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Design Wins Increase Micron’s Compute and Networking Revenue

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Dec. 4 2020, Updated 10:42 a.m. ET

Revenue by segment

In the previous part of this series, we saw that Micron Technology’s (MU) DRAM (dynamic random access memory) revenue rose while its NAND revenue fell in fiscal 3Q16. However, gross margin fell for both products as the ASP (average selling price) fell faster than cost.

The company sells these products in four end markets from its related segments:

  • Compute and Networking
  • Storage
  • Mobile
  • Embedded

Micron’s partner Intel (INTC) also caters to these four markets. Let’s look at each of these four segments in detail.

CNBU (Compute and Networking Business Unit) is Micron’s largest business segment, accounting for 38% of the company’s revenue in fiscal 3Q16. The unit contributed 25% toward DRAM revenue and 55% toward NAND revenue.

CNBU comprises the Enterprise, Cloud, Graphics, and Client segments. Intel is Micron’s key customer for its DRAM products.

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CNBU’s financial performance

In fiscal 3Q16, revenue from CNBU fell by 28% YoY (year-over-year) but it rose by 4% quarter-over-quarter to ~$1.1 billion. This was the first sequential revenue growth in the past six quarters.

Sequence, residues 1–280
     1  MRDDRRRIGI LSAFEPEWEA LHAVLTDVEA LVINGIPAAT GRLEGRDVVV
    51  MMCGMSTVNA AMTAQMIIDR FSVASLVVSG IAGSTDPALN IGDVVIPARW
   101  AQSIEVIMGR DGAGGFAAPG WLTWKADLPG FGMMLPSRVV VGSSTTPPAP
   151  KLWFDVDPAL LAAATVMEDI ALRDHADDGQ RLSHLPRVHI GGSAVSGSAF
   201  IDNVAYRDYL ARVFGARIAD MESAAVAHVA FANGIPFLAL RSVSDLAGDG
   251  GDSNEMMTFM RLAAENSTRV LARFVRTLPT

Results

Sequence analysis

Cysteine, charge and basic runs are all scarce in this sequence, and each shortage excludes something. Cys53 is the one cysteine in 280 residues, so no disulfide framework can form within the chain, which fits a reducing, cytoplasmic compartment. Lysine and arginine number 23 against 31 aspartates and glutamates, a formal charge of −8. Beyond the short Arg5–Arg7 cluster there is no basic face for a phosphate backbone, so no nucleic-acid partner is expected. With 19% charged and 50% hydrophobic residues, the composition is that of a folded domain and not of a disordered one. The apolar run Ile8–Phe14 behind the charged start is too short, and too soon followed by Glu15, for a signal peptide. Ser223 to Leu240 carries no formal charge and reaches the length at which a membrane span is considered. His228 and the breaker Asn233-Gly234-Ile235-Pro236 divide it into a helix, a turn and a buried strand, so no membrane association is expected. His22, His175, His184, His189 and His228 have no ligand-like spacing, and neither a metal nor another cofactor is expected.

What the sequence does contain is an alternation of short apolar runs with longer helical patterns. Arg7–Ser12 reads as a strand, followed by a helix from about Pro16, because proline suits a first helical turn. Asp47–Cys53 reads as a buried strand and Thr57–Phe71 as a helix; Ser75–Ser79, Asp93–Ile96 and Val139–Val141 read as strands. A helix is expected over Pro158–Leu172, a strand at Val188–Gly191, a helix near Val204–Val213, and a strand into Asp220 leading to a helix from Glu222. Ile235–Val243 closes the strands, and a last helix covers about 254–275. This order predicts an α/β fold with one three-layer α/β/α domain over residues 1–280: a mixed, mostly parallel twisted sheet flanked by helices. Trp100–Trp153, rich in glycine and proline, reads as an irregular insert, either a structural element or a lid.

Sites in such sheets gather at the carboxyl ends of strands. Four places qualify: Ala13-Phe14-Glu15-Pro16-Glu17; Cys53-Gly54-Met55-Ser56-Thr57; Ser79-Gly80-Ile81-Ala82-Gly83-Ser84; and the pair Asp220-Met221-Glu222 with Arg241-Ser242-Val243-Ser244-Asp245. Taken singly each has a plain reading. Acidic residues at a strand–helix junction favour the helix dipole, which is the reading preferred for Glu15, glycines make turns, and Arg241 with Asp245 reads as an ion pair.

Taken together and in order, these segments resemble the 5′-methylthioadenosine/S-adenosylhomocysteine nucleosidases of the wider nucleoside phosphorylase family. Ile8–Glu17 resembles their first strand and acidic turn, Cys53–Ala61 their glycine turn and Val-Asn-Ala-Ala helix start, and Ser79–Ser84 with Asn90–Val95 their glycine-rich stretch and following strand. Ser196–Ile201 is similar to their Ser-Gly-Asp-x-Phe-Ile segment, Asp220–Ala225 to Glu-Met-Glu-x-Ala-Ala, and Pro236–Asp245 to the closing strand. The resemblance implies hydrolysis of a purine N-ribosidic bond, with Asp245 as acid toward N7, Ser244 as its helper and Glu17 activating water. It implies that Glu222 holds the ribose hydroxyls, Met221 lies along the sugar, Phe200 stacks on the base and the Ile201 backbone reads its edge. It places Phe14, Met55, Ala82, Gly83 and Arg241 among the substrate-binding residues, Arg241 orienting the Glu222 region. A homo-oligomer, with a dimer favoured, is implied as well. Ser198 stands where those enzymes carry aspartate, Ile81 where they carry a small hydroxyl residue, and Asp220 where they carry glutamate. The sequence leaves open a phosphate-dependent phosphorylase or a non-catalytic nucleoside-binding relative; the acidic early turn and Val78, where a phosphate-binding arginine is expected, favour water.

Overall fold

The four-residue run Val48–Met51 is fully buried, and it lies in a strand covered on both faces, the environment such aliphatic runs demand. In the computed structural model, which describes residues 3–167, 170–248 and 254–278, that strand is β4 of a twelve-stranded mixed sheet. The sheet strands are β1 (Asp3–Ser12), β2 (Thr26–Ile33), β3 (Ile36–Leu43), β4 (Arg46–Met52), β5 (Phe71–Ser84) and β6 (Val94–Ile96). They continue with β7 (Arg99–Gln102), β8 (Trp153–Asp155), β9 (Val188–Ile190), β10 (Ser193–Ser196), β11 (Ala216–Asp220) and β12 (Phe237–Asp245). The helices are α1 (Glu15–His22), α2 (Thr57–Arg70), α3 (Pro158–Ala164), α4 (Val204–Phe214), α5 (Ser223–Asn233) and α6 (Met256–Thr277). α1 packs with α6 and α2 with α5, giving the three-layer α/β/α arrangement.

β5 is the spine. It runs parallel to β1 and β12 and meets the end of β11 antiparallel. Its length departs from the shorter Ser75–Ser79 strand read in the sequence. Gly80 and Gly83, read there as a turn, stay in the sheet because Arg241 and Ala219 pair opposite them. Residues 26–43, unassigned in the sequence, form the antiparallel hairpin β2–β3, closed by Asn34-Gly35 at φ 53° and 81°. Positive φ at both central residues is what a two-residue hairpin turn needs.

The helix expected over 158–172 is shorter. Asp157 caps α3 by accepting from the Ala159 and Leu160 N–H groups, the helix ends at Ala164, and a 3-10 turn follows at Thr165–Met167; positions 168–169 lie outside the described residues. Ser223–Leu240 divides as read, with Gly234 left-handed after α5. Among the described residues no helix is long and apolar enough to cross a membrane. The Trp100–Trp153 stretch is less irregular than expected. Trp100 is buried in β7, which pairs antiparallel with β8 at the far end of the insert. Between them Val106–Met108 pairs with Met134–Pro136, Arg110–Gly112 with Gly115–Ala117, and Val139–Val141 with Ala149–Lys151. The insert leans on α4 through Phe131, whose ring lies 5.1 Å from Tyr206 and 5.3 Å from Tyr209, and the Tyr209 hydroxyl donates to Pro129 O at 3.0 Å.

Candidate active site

CNBU’s non-GAAP[1. generally accepted accounting principle] operating margin fell from 17.6% in fiscal 3Q15 to -5.8% in fiscal 3Q16. The margins were significantly affected by steep declines in DRAM prices.

The company continued to secure design wins across all four segments of CNBU, with 8GB[2. gigabit] DDR4 product securing the highest wins in the enterprise, cloud, and client spaces.

  • Intel’s new Skylake server platform increased demand for Micron’s 20nm 32GB DDR4 (double data rate) in the enterprise space.
  • Micron ramped up production of its 20nm 4GB DDR3 and 8GB DDR4 solutions in the client space. The company stated that pricing improved in the client space but it didn’t reflect in its fiscal 3Q16 earnings.

NVIDIA’s (NVDA) revolutionary Pascal GPU (graphics processing unit) drove demand for Micron’s GDDR5 (double data rate type five synchronous graphics random access memory) and GDDR5X in the graphics space.

Advanced Micro Devices (AMD) has also integrated GDDR5X in its Polaris GPU, but it sourced the memory from SK Hynix. Micron expects strong growth from the graphics segment in fiscal 4Q16, driven by the virtual reality and seasonal demand.

While the design wins were quick in the Compute and Networking segment, they were slow in the Mobile segment. We’ll look into this in the next part of this series.

The iShares S&P 500 Value ETF (IVE) has holdings in large-cap US equities listed on the S&P 500 Index. It has ~1.0% exposure to INTC and 0.08% exposure to MU.

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